You can find anything on SoundCloud. The demos of a million garage rock bands that would otherwise never have left their garages. The microrhythmic shuffling and twitching of thousands upon thousands of red-eyed laptop-wielding algoravers. And a surprisingly large number of tracks at least purporting to consist of nothing more than the slowed-down stridulations of a massed orchestra of common crickets.
There are 28 of those at last count, by the way. Featuring in 11 different playlists, with the most popular racking up some seven-and-a-half million plays. Unlike most memes, this one is surprisingly easy to source. In the early ’90s, a former country musician named Jim Wilson collaborated with Robbie Robertson (formerly of The Band) on a soundtrack for the TBS documentary series The Native Americans. Released as an LP in 1994, the final track on Music for the Native Americans is a Wilson composition with spoken vocals by Robertson. Tucked behind his slightly corny spiritualist patter, you can hear a sound like a seraphic choir singing in perfect diatonic harmony along with fleeting, echo-drenched bursts of cricket song. Nearly 20 years later, an edit of the track (minus the voiceover) suddenly started turning up all over the place – science blogs, Classic FM, The Huffington Post and all over Facebook – right around the end of 2013.
As far as I can gather, this sound really is produced from various cricket sounds slowed to different speeds. It’s not the case, as many of its online instantiations imply, that crickets really are miraculously singing in Western harmony if you can just scale your ears to their peculiar biorhythms. Rather, the different pitches are created by slowing the tape to different speeds and cutting them together, like old BBC Radiophonic Workshop stuff made out of tiny snips from tape recordings of cutlery and pinged lampshades. It’s skillfully done and very pretty, but no divine miracle.
The questions remain, though: Why did it suddenly start popping up everywhere, almost two decades after its original release? And why did so many people apparently believe that this “natural” choir had required no greater manipulation than a single shift of speed to produce such a pleasing sequence of perfect fifths and plagal cadences?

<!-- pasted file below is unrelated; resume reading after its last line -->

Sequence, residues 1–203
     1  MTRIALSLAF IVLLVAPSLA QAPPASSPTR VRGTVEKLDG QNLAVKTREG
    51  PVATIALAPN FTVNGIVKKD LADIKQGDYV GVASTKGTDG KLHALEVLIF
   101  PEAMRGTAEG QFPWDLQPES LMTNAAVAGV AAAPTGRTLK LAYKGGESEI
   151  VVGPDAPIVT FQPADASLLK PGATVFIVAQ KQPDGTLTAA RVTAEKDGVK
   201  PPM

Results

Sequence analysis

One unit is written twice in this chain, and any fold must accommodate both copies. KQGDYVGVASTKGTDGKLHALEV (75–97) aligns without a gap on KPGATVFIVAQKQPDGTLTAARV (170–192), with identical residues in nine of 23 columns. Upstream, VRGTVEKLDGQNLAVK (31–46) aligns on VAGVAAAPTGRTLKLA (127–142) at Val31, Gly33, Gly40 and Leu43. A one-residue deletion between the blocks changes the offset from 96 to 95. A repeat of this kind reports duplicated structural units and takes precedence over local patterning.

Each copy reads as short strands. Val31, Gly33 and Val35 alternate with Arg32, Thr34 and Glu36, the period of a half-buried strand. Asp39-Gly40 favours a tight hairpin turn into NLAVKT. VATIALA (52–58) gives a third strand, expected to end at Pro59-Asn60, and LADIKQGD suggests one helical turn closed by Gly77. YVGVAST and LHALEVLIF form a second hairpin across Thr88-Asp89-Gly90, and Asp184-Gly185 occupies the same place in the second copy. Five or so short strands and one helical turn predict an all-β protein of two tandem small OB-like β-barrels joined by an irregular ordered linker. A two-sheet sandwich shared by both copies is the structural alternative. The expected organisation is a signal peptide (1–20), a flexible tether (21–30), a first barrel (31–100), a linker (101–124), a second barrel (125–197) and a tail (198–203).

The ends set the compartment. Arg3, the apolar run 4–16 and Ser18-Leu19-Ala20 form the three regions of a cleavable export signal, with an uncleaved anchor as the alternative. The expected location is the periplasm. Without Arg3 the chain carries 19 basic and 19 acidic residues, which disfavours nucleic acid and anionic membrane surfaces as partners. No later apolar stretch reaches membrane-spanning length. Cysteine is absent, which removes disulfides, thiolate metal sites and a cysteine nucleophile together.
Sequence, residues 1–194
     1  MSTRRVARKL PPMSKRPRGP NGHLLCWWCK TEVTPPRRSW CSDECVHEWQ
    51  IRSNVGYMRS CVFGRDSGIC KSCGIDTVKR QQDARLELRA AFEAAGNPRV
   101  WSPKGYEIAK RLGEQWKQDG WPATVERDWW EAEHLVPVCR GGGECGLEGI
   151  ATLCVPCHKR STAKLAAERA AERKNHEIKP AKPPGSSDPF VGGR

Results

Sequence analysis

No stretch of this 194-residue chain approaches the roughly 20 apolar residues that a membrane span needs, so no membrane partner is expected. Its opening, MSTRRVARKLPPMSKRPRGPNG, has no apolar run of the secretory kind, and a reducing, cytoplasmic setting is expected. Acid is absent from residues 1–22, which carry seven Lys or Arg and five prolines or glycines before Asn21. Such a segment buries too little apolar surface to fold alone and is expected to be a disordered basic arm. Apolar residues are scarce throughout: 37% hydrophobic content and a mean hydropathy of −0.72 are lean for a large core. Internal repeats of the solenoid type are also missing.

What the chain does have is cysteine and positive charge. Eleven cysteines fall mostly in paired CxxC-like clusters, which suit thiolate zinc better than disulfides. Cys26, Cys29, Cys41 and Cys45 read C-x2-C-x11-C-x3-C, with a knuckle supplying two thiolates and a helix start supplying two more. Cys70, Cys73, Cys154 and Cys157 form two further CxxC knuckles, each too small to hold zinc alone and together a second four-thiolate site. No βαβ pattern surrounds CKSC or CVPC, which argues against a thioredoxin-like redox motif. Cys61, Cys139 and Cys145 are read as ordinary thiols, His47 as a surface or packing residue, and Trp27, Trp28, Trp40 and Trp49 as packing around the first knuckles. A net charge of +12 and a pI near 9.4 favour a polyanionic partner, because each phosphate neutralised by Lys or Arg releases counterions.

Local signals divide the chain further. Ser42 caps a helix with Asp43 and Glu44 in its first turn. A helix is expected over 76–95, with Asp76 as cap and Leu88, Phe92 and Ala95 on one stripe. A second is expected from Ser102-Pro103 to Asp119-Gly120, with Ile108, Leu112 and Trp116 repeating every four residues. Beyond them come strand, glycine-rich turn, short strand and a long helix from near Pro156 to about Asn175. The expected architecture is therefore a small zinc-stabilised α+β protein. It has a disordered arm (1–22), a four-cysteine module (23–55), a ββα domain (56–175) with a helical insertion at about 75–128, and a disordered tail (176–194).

The answer, I suspect, comes down to someone stepping into ground prepped by another popular meme that had already been doing the rounds for a few years by then. That one had started with a post on Reddit with a link to a YouTube clip reducing Justin Bieber’s “U Smile” to an aching, symphonic crawl, 800% short of its original tempo. Before long, people were posting similarly sedated takes of Carly Rae Jepsen’s “Call Me Maybe,” Katy Perry’s “Firework” and the theme tune to Eastenders. More and more came along, all of them quaking with newfound grandeur, each one sounding more vast and oceanic than the last.
Part of the joy seemed to be in taking something trivial and stretching it until it sounded like the kind of blissed-out ambient driftworks beloved by “proper” music heads. There was always a note of snobbism in the phenomenon, one that bubbled up to the surface with Gizmodo’s post about the altered Bieber track. “You totally hate Justin Bieber, right?” it began, with all the presumption of a playground bully. “That’s just because you haven’t listened to Bieber slowed down 800 percent.” But behind all that, there was also the sheer aural pleasure of manipulating sound to extremes – a pleasure once largely restricted to studio engineers and electronic composers, now democratised by the sudden availability of free, open-source time-stretch software.
In the same year that eager Redditors took to dosing pop tunes with sonic secobarbitol, Hans Zimmer soundtracked the dreamworlds of Christopher Nolan’s film Inception with a souped-up, varispeed take on Edith Piaf’s “Non, Je Ne Regrette Rien.” In the film, the strident trombones of Charles Dumont’s original composition become thunderously epic and pregnant with menace, perfectly suggestive of the embedded reveries of Nolan’s subconscious-diving “extractors.” It sounded like the song itself was dreaming.
Between the torpid miasmas of strung-out pop hits and Nolan’s re-orchestrations of a slo-mo Piaf, an idea was planted that as a track’s tempo came down, new acoustic territories could open up. Hidden magic was revealed between the notes. Then Jim Wilson’s crickets turned up online and the whole meme up and jumped the shark. To the casual observer, this fascination with slowness may have seemed like a temporary blip that had come to a merciful end, but in reality, people have been finding new worlds in slow music since long before the advent of London coder Paul Nasca’s Paulstretch plug-in.
Changing the speed of someone else’s song takes active listening to a whole new level.